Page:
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Alaska Life

An expert opinion on whether John Muir was really an 'honorary Tlingit chief'

  • Author: Victoria Barber
  • Updated: December 30, 2016
  • Published December 30, 2016

John Muir in 1906. Photo by Francis M. Fritz (Creative Commons)

Things usually tend to be a little slow in the arts department as the new year dawns. So I'll use this column to track the progress of a balloon I floated back in December.

First was the matter of naturalist John Muir, whom some writers claim was made "an honorary Tlingit chief" with the title of "Ice Chief." I argued that this oft-repeated claim seemed ludicrous and gave my reasons. A much more knowledgeable analysis was provided by James Crippen, an Alaskan pursuing his Ph.D. at the University of British Columbia in Vancouver. Crippen, whose Tlingit name is Dzéiwsh, identified himself as a member of the Deisheetaan Ḵakʼweidí clan, Shtaxʼhéen Ḵwáan. Crippen was raised in Anchorage and Wrangell and Shtaxʼhéen is the more precise spelling of Stikine or Stikeen, the people of the area around Wrangell. His dissertation is on "formal syntactic theory and
information structure in Tlingit."

Crippen writes that the words that Samuel Young Hall translated as "Ice Chief" would be spelled "dleit aanḵáawu" in modern orthography. Early English translations turned "aanḵáawu" into "chief," but this is misleading, Crippen says, "because there are no real chiefs in Tlingit culture, at least as the term is usually used." A better translation is "aristocrat."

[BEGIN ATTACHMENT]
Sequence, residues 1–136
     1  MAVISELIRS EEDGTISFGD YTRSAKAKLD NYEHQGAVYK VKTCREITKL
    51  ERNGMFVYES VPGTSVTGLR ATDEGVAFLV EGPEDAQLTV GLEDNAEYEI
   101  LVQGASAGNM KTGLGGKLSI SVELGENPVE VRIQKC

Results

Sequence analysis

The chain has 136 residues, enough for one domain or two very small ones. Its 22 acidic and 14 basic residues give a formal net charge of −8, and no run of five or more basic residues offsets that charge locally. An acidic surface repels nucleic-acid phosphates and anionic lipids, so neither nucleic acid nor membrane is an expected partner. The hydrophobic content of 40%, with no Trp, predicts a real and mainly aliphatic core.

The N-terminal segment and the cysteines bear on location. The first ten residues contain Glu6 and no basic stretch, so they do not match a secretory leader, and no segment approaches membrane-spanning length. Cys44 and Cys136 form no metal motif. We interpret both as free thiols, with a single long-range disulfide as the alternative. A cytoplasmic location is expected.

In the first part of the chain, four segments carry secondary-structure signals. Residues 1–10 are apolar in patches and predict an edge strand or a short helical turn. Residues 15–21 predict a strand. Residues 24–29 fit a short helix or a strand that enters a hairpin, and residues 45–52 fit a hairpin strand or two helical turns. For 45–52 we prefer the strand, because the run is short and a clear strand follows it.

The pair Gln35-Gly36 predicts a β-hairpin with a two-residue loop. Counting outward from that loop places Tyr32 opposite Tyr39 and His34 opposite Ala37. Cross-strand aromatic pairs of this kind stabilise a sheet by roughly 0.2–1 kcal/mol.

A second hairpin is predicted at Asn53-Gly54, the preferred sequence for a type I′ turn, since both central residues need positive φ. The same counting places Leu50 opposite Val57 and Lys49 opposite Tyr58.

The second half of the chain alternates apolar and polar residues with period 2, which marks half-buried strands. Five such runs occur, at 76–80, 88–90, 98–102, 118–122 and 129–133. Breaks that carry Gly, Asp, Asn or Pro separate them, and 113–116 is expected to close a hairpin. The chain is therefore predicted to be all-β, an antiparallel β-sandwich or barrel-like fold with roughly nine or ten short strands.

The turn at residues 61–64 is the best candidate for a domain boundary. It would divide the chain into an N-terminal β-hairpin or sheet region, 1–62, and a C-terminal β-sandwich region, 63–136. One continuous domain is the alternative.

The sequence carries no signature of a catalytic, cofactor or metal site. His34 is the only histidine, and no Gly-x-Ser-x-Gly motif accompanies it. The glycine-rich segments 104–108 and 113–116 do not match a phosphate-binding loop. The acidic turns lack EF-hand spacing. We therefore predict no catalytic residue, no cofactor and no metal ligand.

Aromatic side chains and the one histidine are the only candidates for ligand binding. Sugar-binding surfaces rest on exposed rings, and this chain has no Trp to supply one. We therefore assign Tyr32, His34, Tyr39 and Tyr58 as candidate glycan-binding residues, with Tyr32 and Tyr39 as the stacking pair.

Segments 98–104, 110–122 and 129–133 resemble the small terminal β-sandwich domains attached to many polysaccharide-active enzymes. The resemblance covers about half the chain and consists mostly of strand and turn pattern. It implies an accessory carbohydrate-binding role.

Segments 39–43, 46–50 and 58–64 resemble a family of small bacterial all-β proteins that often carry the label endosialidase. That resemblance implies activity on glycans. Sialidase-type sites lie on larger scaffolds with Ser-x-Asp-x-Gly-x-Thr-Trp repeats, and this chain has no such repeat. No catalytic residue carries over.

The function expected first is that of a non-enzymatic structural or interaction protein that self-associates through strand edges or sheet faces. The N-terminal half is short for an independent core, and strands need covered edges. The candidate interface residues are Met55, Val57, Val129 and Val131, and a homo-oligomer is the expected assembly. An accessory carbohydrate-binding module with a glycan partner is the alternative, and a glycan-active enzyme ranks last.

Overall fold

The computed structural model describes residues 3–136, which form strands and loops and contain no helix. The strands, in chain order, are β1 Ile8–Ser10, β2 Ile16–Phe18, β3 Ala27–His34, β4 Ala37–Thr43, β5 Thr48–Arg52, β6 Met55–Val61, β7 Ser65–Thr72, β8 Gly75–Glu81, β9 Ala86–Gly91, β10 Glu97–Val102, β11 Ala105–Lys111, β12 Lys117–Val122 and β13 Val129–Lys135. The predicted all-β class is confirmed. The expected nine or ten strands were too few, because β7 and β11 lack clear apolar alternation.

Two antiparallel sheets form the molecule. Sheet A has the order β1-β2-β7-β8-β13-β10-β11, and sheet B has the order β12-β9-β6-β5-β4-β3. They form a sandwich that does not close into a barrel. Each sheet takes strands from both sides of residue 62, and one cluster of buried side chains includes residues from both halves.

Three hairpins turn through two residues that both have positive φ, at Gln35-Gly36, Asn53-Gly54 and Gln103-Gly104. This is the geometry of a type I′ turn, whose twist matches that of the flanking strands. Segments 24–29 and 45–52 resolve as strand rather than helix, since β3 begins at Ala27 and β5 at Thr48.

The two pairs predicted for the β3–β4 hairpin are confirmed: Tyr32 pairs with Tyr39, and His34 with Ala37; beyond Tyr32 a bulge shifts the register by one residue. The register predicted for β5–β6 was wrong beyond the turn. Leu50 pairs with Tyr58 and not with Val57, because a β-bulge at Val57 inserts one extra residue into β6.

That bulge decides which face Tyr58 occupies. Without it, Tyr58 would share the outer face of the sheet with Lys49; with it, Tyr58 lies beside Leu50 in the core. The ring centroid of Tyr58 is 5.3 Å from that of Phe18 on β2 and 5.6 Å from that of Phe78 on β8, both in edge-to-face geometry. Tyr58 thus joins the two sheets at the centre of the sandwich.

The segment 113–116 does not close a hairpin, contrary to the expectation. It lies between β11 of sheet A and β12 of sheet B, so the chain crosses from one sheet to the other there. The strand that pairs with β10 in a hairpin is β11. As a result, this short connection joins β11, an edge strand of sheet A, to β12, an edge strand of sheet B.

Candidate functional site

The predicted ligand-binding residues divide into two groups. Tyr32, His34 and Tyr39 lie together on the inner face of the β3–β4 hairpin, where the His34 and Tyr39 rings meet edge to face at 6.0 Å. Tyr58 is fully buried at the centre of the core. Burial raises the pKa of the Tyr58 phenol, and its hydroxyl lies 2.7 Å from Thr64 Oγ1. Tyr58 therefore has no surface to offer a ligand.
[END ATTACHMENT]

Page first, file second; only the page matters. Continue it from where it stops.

As for "dleit," the word means "snow." It is also used in reference to white people, Crippen notes, as in "dleit ḵáa" for "white man." Unless he'd been working in the sun, Muir had a complexion that was pale, even compared with other Caucasians. Additionally, Muir did not know much Tlingit, if any, though he spoke some Chinook Jargon, the polyglot trade lingo of the Pacific Northwest. That language has no known word for "glacier," so Crippen suspects that the Wrangell people would have heard him repeatedly using the Chinook word for "snow."

"In sum, the name Dleit Aanḵáawu means 'Snow Aristocrat,' " Crippen said. "It's a pun on Muir being white as well as being obsessed with glaciers and hence snow. It's a nickname, much like we might joke with a modern glaciologist by calling them 'Ice Guy' or the like." Which is what we suspected all along.

However, Crippen adds this important insight: "(The name is) implicitly a recognition that Muir was more than just another random white guy during the Cassiar Gold Rush. Rather, he was friendly enough and respected enough to be called something in Tlingit. He was a real person deserving of a name, rather than just another anonymous interloper in the mad rush for gold up the Stikine (River)." The respect and dignity that Muir showed his hosts was at that time "rare and remarkable behavior from the American settlers."

Another correspondent told me that the Holt Atherton Library at University of the Pacific in Stockton, California, has a lot of Muir's journals in their special collections and is seeking people who are willing to give them a read and "try to transcribe from Muir's terrible handwriting." Access to digitized copies of the Muir papers via www.pacific.edu appears to be restricted to approved users.

Finally, on the lighter side, a reader rightly chastised me for calling Muir a "loquacious Scott." "Scott" is a surname and sometimes a first name, he correctly noted. "Scot" is the right spelling of the nationality, which has caused me to write the following mnemonic poem that I now inflict upon you:

A single T fits all Scots, the better and the worse 'uns. 

A two-T Scott, however, is the name of certain persons.

A lone T will suffice, then, where ethnicity is reckoned.

But Robert, Dred and George C. will oblige you for a second. 

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